30. New Sister says:

    I do not know about these things and cannot contribute to the discussion in any technical way. All I can say is, like konichiwa, concelebration “feels” wrong to me – viscerally. It obviously causes confusion. To my laywoman mind, it would seem most prudent to just do away with it.

    What harm could there be in asking priests to daily and individually offer Holy Mass? Who could object to this…and why would they?

    I also do not find ghp95134’s M60 (how passé) metephor, in any way, “brilliant”. Grow up.

  31. irishgirl says:

    ‘Concelebration should be safe, legal and rare’.

    Ha! Good one, Father Z!

  32. Athanasius says:

    To answer the question of a previous poster, YES, each concelebrating priest has the right to have an intention for which he may have received a stipend, and the souls for whom the stipend was offered receive the same suffrages that they would have received from any other validly celebrated Mass.

    Yet there is only one Mass taking place, if one of the concelebrants has a defective intention, the consecration occurs in spite of it, but now it adds a visible sacrilege and makes the Mass displeasing to God on our side, (not on the side of the value of the Mass). The grace is much much less when priests concelebrate than when they offer their own Masses, how can one possibly in justice demand a stipend for that?

  33. I am not a fan of con-celebration. Next week, at our triennial chapter there will be nothing but. I dread the thought. At an ordination a few years back I con-celebrated from behind the reredos. Con-celebration can be beautiful and emphasize the brotherhood of priests. It can be done well but it can put one at the mercy of DIY celebrants. I’ve seen unauthorized Eucharistic Prayers, alterations to the canon, and a CoI woman deacon (ex-Catholic to boot!) invited to communion etc. Therefore I prefer to offer the Mass as the sole celebrant.

    As for those who agonize over whether such Masses/consecrations are valid etc. We cannot know the intention of the priest unless he declares it so one must give him the benefit of the doubt. Neither can one measure grace, it is not a thing, it is not divisible like matter. I thought. Father S’s explanation was pretty clear to me.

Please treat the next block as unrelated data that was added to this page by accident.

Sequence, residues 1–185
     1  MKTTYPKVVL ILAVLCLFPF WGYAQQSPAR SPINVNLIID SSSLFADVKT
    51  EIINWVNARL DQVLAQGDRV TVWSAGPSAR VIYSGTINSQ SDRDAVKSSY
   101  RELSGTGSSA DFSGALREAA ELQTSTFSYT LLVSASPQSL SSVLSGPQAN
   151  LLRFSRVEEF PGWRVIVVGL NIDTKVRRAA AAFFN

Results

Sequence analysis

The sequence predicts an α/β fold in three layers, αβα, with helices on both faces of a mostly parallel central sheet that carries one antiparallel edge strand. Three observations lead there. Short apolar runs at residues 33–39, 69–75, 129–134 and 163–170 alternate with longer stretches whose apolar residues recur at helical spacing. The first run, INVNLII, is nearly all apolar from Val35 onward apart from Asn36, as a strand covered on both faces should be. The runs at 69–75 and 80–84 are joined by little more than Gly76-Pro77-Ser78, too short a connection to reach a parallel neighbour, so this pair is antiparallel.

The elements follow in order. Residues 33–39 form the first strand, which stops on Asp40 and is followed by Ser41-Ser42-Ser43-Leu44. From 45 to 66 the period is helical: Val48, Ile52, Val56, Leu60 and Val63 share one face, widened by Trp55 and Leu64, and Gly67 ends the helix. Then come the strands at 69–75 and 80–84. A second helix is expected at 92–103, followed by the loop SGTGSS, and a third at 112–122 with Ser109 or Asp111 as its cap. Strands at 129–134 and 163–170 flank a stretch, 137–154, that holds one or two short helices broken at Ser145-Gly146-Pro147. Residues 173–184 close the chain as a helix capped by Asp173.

34. Athanasius says:

    To answer the question of a previous poster, YES, each concelebrating priest has the right to have an intention for which he may have received a stipend, and the souls for whom the stipend was offered receive the same suffrages that they would have received from any other validly celebrated Mass.

    Grace can not be measured by a stick, but it can be increased and decreased as well as determined by certain criteria. It is not an unknown quality, rather an unknown quantity with respect to earthly measurement. I didn’t particularly find Fr. S’s answer satisfactory because there are considerations he does not take into account, particularly he ignores the entire division made in sacramental theology (de sacramentis in genere)between intrinsic and extrinsic merit and grace.

    Concelebration by worthy priests with worthy intentions (i.e. best case scenario) may indeed increase grace at that Mass. Overall it is tremendously less grace than if all 50 priests said their own Masses. 50 priests might have their intentions, which in a state of grace they can merit at that Mass, but it is still one Mass not two, three, or as many as there are priests, because there is one rite and one species.

    There are other things, such as the holiness of the celebrant. A celebrant who is more holy than another will have more grace extrinsically (that is on our side) at Mass than a priest who is less holy. A priest who follows the rubrics exactly has more grace at his Mass (the rite is more pleasing to God extrinsically) than priests who do not. A rite which is better and more clear is more pleasing to God (extrinsically) than a rite which is less clear and whose ritual might be problematic at certain points.

    Moreover as one person noted, if the priests do not say the words of consecration at the same moment, you have the potential for another sacrilege, namely, that if the celebrant or a concelebrating priest says the words before another, then the others are not effecting what their words are effecting since it has already taken place. A ritual which does not effect what it claims to is also sacrilegious, hence offensive to God, hence a limit on merit that can be achieved for the celebrants and the people present.

    On the side of God (intrinsically) the Mass is of infinite value. Yet how that value comes to us is mediated by the extrinsic element. Thus liturgy not done as well or with less grace on the part of the minister affects how much grace the faithful receive. Hence, especially since Rome has barely ever addressed any theological issues in concelebration, I emphasize the rare part, namely at the ordination Mass which is the Tradition of the Roman Rite.

  35. RichardT says:

    Presumably intention is part of the answer, but it seems that there must be some limit. Surely even Fr.Z could not stand by his bird-feeder in America and consecrate a host that was on an outdoor altar here in England (not, of course, that he would try to do so).

    If you are in the same building, is it different? But then what of a cathedral with dozens of altars, each with a priest saying Mass; could a mischievous priest, starting earlier than the others, consecrate all the hosts on all the altars before his brother priest had the chance to do so?